Friday, August 28, 2009

Why this woman may well have changed blogging forever...

The young lady in question is called Rosemary Port, the once-anonymous author of a blog called 'Skanks in NYC'. Last year, she accused a Canadian model, Liskula Cohen, of being, amongst other things, psychotic and lying. Unusually, Ms Cohen sent the lawyers in, demanding that Google reveal the identity of the author, and after a hearing in the Manhattan Supreme Court, Google, and its subsidiary, were forced to reveal the identity of Ms Port.

Now, bear in mind that this took place in the land of the First Amendment, guaranteeing freedom of speech, in a jurisdiction that has been frequently unfriendly to those seeking to limit said rights.

But the story gets better. Ms Port has announced her intention to sue Google for $15 million for revealing her identity. Now I may be a lay person when it comes to privacy laws, but it strikes me that Google were given little option. The potential fines for contempt of court would have been eye-watering, and why should they pay for the supposed right of an individual to defame anonymously?

The serious issue, however, is that this case will make Google, as well as other blog platforms, rather nervous. If individuals use Blogger or Wordpress or any of the other alternatives to defame individuals (as opposed to criticising them), will the host disown them? Is it worth the financial risk that a series of high-profile libel suits here in the United Kingdom, a notoriously friendly jurisdiction for those seeking to supress criticism, might bring?

There are those who blog anonymously with good cause. Issues related to confidentiality or commercial sensitivity, or individuals who wish to cast light on areas of public life that are otherwise hidden away but risk censure or worse, make anonymous blogging a necessity. However, anonymity is increasing used as a shield to attack freely, without fear of reprisal. And whilst I might have personal qualms about such an approach, no illegality takes place until defamation occurs.

As a liberal, I obviously believe in freedom of expression. However, I cannot accept that such a freedom extends to the right to defame and, if someone chooses to do so, they should understand that there are consequences. After all, with rights come responsibilities.

It has become increasingly clear that the tone of discourse in the blogosphere has fallen somewhat. Wit is replaced by brutality, disagreement is marked with abuse rather than counter-argument, the assumption being that, by holding a contrary view, you are insane, corrupt or worse. Unfortunately, the likes of Guido Fawkes encourage such an approach be seemingly endorsing their views. Given that his success stems from the nature of the stories he uncovers, it is a pity that the published comments give an impression so cynical and destructive that one might wonder why he, or any of us, bothers.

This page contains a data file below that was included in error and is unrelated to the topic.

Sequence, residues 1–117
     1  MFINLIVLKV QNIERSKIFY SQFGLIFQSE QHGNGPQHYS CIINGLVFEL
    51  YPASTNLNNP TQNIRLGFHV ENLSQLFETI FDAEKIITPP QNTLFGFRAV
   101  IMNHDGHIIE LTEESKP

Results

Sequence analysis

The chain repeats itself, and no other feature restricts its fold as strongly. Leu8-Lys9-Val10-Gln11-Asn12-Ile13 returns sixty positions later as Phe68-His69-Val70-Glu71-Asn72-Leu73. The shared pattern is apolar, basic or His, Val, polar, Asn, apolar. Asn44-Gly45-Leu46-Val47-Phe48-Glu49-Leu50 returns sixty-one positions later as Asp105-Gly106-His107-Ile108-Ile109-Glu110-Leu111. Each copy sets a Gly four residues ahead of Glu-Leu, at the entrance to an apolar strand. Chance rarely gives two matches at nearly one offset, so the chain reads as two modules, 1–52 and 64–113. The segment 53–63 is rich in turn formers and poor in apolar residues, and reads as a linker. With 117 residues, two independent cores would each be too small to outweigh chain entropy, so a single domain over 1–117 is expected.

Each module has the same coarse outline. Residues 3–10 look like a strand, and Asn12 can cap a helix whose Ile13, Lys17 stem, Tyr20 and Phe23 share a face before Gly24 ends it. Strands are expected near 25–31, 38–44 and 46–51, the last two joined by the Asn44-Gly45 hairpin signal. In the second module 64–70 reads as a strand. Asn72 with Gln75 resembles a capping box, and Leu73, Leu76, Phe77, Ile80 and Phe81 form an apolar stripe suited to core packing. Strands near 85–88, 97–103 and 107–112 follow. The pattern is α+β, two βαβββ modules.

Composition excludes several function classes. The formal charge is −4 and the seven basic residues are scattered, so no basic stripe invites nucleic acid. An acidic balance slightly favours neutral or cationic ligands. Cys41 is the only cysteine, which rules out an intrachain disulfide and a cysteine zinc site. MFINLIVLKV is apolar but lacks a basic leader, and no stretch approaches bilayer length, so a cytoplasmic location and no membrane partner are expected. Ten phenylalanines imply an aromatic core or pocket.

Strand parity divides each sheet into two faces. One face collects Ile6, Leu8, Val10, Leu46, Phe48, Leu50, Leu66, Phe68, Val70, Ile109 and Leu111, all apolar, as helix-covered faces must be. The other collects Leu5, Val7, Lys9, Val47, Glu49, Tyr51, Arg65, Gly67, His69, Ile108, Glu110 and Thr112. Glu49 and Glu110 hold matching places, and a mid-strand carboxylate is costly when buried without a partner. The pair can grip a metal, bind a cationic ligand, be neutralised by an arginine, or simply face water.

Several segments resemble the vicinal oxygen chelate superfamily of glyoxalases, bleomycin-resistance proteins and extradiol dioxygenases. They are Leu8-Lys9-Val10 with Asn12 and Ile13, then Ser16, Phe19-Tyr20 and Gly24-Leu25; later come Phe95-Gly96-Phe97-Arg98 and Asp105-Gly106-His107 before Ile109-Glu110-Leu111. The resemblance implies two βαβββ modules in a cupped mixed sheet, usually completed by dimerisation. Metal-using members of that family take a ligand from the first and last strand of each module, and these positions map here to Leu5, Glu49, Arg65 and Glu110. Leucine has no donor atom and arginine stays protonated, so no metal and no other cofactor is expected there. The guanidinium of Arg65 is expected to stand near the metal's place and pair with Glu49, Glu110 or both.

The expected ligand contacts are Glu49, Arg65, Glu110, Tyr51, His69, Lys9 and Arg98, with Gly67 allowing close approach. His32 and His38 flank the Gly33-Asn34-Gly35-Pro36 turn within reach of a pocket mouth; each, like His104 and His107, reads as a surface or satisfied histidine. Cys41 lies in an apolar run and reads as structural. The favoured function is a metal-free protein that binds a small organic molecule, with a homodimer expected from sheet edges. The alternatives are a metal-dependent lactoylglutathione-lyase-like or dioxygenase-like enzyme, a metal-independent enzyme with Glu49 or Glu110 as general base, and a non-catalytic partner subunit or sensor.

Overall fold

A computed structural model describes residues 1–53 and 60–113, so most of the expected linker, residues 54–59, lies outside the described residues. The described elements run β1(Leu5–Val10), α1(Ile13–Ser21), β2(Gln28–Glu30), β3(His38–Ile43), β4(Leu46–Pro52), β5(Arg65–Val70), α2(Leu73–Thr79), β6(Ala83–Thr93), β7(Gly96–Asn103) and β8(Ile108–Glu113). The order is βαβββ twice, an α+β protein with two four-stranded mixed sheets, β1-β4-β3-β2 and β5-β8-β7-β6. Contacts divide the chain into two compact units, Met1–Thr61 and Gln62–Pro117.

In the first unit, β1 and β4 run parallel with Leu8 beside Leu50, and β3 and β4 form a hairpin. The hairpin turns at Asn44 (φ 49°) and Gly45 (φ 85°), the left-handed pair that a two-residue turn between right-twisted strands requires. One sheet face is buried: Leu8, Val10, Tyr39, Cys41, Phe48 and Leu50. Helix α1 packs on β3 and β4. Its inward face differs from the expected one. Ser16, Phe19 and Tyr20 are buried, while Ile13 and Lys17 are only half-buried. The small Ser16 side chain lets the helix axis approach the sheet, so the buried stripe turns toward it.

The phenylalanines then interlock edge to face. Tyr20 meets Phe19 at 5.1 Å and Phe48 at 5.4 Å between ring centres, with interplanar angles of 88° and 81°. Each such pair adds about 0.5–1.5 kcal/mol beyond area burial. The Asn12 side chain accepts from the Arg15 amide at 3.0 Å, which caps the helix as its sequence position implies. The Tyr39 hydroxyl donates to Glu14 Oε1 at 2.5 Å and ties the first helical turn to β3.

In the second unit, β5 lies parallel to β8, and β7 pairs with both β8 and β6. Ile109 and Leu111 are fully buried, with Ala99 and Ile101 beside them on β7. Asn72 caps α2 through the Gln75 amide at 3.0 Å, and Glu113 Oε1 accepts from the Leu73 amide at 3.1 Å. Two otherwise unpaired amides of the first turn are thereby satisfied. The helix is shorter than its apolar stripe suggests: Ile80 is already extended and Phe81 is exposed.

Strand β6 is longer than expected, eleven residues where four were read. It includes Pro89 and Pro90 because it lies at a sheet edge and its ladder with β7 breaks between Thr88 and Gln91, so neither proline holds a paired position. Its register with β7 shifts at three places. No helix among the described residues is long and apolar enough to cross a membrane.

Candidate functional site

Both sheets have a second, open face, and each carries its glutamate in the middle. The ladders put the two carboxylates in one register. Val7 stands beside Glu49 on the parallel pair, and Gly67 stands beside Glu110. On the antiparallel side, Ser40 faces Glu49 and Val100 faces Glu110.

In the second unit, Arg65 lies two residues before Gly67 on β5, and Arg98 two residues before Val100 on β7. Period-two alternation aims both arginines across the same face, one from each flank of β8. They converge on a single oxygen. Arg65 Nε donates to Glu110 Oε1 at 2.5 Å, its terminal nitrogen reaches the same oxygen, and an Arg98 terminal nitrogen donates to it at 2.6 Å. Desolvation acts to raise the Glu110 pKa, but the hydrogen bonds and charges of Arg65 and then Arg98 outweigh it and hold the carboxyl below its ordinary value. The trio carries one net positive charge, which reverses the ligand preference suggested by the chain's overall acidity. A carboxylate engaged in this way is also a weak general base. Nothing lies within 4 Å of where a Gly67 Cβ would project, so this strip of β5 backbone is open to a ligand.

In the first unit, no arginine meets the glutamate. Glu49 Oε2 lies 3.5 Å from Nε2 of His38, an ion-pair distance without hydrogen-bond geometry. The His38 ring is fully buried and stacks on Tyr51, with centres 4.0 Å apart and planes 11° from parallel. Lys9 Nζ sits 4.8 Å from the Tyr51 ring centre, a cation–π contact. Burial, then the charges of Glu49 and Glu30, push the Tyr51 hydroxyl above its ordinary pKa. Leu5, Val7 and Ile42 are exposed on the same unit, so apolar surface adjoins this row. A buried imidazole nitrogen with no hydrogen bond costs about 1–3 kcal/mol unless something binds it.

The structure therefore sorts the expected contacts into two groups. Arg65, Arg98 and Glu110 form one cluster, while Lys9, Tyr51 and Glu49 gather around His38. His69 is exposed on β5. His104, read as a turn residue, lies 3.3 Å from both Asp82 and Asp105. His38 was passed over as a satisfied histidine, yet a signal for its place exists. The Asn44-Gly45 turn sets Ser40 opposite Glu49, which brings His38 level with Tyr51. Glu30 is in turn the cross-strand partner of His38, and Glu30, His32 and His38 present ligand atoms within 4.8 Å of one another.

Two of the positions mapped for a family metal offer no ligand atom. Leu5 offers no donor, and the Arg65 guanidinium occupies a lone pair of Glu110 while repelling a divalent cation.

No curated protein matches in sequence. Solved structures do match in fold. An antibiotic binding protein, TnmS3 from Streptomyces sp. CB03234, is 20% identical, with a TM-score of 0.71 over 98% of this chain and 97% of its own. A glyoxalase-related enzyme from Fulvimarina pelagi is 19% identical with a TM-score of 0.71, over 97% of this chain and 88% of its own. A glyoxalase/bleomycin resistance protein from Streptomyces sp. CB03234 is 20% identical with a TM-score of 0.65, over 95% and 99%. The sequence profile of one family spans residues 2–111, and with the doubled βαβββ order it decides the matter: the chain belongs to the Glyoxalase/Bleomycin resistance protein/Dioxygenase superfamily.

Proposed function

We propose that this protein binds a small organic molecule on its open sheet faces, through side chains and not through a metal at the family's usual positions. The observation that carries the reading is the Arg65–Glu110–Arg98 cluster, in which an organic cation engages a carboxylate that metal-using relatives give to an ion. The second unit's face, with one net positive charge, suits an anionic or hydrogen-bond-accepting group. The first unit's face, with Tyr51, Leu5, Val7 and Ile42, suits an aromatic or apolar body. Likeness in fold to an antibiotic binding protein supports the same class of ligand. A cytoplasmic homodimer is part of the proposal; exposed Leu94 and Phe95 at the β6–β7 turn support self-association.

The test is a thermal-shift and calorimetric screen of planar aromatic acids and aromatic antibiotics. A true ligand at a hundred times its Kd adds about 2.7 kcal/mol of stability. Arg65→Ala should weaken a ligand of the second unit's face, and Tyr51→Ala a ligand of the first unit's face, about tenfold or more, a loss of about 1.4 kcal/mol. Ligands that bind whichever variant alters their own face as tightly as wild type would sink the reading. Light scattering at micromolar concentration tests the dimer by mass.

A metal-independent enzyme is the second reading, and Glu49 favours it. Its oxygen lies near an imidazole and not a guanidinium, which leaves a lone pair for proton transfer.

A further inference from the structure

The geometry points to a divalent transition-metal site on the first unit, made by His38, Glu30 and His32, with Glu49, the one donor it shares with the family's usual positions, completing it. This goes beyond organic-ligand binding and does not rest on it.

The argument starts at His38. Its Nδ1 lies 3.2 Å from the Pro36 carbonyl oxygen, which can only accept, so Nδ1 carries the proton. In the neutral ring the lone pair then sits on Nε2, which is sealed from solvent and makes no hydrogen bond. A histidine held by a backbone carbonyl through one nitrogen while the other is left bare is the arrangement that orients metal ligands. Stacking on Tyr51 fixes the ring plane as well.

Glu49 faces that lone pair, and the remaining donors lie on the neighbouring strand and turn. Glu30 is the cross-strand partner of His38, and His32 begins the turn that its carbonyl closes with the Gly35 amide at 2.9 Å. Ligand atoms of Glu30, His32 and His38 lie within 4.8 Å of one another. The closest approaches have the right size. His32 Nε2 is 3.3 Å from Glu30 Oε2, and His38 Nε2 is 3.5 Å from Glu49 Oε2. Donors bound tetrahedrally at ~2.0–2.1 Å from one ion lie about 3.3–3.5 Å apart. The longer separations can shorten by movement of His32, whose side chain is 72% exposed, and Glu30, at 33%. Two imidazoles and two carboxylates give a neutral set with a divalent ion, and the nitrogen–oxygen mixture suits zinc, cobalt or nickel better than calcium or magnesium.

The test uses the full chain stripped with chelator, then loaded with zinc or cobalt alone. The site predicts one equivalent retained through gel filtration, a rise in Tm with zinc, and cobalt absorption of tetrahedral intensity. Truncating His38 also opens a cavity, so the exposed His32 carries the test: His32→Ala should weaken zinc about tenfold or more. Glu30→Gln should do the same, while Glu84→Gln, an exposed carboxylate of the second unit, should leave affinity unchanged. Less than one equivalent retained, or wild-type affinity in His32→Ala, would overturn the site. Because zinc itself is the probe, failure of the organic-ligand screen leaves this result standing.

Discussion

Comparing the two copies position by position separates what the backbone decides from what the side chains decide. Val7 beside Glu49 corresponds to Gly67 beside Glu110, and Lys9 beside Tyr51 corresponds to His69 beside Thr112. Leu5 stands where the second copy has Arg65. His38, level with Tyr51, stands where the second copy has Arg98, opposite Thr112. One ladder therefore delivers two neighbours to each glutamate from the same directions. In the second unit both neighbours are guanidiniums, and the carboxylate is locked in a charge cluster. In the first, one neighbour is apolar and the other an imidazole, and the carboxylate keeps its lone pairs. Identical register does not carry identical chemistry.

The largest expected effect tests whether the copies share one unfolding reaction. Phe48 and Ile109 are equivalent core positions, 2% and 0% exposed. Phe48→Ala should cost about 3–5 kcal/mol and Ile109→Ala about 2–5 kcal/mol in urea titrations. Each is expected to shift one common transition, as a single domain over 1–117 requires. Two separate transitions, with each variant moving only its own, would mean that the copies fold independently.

Eventually, someone prominent will step over the line, the Government will feel obliged to act, and the rest of us will be regulated because a few individuals are unable to remain within a fairly broad framework. Another freedom, sacrificed in the name of freedom...


Mark Senior said...

Take a look at for a good reason why bloggers should never have the right to remain anonymous .

Guido Fawkes said...

Maybe it is because I am liberal?

Mark Valladares said...


Or is that libertarian? Sometimes, choosing not to act has its consequences too, and I understand that you occasionally see fit to bar individuals and remove comments. Freedom for one doesn't necessarily mean freedom for all.

Perhaps we could discuss the matter over drinks in Bournemouth?

Duncan Borrowman said...

Come on in Agent Orange. Your time is up.

Mark Valladares said...


Whilst I see your point, Agent Orange has been careful not to cross the line where legitimate comment ends and defamation starts.

Whilst he/she may be rude and unpleasant, and whilst the agenda is fairly clear, provocation is not yet an offence. Responding to it might be.

And until Agent Orange is unmasked, voluntarily or otherwise, we may never know what the motivation for such an approach really is.